Dear Airlines: Please Carry an Ingredients List

Why Don't More Airlines Have Ingredients Lists for All the Food They Serve? While U.S. airlines are actually quite good about this usually, quite a few international carriers do not carry an ingredients list for the food they serve, particularly for business and first class meals. These are usually plated meals, and as such don't have to be labeled the same way that meals sold in supermarkets must be.

My husband ran into this recently with his Finnair Business Class Flight to HEL (see Crying Baby in Business Class Night Flight), where he was served some cheese with an accompanying fig chutney. Since he has a moderate mango allergy, he asked the flight attendant if there was any mango in the dish. She answered that no, it was just a fig chutney, and the only ingredient was figs (clearly untrue, since my husband could see chunks of other things that weren't figs, in the chutney). But she had no ingredients list to show him, so that he could check what was in it. Fortunately he just decided to not eat the chutney, but it would have been good to have access to an ingredients list.

I also came across this FlyerTalk post from a passenger who, with his girlfriend, had been rebooked at the last minute, due to flight delays, from AA to a Cathay Pacific Business Class flight from Hong to LAX. They weren't able to buy a meal before boarding, and his girlfriend was severely allergic to peanuts. To their surprise and disappointment: “CX flight attendants told us that they do not have an ingredient list for any of their food offerings, and that they cannot guarantee that any of the meals is free of peanuts…All CX needed to be able to do is provide us with an ingredient list so we could have made a conscious choice. Nothing happened in the end, but my girlfriend endured quite a lot of distress in the process.”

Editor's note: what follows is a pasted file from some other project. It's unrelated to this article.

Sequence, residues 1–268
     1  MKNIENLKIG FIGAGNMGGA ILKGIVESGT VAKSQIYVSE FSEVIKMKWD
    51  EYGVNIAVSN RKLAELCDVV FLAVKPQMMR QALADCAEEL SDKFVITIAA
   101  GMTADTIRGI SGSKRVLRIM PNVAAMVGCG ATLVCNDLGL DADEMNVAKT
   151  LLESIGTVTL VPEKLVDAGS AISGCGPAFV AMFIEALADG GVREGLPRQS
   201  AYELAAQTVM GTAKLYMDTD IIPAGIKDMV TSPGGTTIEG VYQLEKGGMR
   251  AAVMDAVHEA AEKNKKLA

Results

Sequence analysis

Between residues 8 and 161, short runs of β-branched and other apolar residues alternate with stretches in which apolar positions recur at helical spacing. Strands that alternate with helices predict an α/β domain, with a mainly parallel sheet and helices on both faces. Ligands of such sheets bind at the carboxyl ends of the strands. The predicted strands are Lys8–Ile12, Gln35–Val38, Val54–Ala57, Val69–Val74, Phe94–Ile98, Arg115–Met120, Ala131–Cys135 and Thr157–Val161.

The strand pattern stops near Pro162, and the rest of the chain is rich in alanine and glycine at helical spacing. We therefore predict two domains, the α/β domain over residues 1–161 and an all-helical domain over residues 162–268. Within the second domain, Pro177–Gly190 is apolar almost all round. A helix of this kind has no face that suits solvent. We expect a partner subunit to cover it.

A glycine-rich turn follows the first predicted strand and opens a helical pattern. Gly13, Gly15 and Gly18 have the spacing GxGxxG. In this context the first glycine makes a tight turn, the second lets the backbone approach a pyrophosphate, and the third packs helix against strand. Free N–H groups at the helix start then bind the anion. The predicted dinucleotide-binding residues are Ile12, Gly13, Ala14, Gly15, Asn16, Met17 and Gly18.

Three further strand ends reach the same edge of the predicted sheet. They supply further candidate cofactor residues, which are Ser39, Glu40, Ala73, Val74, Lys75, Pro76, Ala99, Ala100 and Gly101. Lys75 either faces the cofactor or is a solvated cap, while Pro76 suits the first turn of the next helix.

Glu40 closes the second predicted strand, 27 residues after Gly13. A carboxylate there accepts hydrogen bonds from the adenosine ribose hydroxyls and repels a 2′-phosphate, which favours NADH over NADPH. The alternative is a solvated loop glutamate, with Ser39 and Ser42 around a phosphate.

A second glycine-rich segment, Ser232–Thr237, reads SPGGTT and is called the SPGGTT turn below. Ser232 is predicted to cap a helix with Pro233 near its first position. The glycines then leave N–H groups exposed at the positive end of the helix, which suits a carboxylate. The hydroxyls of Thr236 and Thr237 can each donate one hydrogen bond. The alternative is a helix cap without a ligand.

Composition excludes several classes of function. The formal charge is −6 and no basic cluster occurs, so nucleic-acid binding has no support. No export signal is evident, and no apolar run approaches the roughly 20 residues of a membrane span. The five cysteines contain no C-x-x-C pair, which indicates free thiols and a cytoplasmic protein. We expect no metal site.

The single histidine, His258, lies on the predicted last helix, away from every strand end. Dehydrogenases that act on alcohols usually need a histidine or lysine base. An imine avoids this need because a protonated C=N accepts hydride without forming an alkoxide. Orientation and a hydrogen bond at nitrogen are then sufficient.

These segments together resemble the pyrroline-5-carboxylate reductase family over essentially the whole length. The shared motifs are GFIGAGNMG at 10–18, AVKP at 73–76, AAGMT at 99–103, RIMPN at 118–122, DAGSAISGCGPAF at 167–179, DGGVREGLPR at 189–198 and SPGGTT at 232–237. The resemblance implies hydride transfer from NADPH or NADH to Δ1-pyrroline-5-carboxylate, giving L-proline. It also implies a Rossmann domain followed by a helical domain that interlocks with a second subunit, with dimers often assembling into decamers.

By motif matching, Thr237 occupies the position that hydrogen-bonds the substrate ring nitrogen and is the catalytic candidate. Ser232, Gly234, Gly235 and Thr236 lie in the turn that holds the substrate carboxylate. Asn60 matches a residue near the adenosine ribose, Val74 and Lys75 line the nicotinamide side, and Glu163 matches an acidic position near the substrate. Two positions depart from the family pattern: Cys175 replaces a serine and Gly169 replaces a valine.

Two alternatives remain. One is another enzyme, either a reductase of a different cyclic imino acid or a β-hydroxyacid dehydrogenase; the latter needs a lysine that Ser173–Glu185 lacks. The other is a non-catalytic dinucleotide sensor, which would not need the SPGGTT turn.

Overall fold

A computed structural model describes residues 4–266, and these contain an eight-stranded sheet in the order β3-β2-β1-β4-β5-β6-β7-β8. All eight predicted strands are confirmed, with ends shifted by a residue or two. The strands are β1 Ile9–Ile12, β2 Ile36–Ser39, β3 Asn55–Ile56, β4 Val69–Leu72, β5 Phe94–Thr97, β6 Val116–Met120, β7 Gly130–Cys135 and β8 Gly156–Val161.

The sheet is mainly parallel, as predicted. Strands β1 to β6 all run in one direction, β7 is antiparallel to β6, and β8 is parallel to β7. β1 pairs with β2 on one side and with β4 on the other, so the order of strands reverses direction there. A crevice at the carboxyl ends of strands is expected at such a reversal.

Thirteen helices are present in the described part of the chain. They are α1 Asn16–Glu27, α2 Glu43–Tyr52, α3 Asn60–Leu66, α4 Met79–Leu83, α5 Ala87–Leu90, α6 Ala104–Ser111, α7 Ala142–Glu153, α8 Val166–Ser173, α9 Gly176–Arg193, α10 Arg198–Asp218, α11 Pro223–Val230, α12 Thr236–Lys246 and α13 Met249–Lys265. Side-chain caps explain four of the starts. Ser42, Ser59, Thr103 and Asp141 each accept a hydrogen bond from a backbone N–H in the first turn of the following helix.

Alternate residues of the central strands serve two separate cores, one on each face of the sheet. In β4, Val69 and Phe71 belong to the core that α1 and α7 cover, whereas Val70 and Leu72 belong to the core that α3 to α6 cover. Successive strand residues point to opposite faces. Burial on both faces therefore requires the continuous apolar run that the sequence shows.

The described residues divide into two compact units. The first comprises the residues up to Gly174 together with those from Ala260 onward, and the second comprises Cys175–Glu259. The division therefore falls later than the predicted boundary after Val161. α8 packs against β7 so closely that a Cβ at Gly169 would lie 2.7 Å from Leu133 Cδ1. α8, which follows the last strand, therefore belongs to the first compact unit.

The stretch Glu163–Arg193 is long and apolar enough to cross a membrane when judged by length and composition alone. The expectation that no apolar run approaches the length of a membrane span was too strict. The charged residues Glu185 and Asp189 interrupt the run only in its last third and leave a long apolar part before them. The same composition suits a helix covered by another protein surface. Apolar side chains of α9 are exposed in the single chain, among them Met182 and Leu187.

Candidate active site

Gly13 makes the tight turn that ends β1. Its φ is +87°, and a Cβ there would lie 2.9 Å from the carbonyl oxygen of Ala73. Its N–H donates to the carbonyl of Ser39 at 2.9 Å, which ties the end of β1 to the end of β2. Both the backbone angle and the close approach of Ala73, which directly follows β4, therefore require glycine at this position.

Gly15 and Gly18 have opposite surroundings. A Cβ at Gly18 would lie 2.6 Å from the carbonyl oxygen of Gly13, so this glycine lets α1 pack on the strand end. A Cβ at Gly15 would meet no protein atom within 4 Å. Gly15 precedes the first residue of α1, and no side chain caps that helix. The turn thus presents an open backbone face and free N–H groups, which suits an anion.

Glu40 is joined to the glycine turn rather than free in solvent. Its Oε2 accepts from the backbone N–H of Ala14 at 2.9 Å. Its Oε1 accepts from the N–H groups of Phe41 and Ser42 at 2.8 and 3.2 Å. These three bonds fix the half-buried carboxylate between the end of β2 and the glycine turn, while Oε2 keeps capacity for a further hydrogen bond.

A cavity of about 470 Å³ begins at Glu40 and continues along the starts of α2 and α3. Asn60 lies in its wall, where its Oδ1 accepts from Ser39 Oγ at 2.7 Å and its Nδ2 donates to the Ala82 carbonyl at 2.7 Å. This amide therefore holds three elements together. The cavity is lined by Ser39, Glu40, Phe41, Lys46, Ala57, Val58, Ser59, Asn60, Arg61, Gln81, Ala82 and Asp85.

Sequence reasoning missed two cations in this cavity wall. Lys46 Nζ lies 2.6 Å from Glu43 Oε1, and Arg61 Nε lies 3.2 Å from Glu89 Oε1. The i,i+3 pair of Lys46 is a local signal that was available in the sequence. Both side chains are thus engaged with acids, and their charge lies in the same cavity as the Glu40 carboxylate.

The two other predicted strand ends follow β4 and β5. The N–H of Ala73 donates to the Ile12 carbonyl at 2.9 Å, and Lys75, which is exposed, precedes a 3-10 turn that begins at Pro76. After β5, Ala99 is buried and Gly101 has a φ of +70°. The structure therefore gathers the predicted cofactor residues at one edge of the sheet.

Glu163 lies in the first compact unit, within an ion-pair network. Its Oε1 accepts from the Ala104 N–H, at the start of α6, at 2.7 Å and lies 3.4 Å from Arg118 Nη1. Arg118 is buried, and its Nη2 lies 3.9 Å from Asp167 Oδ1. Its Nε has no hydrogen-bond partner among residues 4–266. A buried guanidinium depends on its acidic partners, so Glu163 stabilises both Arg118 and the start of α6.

Similarly, we've been on Qatar and Emirates flights where the crew doesn't have an ingredients list, so it's impossible to be absolutely sure of potential allergens in a given dish.

Of international airlines, we've found JAL to be especially sensitive to allergy sufferers. JAL offers Minimal Allergen 7 and Minimal Allergen 27 meals, both for Economy/Premium Economy and Business/First Class. You need to request these meals at least 72 hours in advance.

Of domestic U.S. airlines, JetBlue Mint has been the best experience, with a detailed ingredients list of each dish available when requested from the flight crew.

If you or a family member suffers from a food allergen, which airline(s) have you been able to get a complete ingredients list from?

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